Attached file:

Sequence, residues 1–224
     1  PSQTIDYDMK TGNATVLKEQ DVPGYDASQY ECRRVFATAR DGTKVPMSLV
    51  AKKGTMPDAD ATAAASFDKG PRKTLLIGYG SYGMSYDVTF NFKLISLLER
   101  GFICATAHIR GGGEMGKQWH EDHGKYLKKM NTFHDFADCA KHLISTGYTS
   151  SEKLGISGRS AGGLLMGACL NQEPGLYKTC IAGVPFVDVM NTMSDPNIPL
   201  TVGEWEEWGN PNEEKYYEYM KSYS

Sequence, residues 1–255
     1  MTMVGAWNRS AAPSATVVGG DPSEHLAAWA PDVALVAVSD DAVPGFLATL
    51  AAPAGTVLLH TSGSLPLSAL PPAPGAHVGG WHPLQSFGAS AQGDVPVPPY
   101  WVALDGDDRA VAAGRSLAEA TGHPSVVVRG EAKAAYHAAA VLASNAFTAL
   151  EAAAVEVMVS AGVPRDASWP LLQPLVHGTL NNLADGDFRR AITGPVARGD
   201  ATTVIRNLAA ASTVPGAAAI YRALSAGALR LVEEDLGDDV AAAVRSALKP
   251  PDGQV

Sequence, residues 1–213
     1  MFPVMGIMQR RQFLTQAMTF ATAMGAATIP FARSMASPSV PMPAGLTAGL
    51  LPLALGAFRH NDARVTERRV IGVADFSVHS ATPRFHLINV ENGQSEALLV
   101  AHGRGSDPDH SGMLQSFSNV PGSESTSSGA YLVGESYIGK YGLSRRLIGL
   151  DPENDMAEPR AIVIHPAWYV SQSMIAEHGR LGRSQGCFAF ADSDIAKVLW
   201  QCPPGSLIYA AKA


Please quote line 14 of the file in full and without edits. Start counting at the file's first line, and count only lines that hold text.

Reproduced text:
Sequence, residues 1–213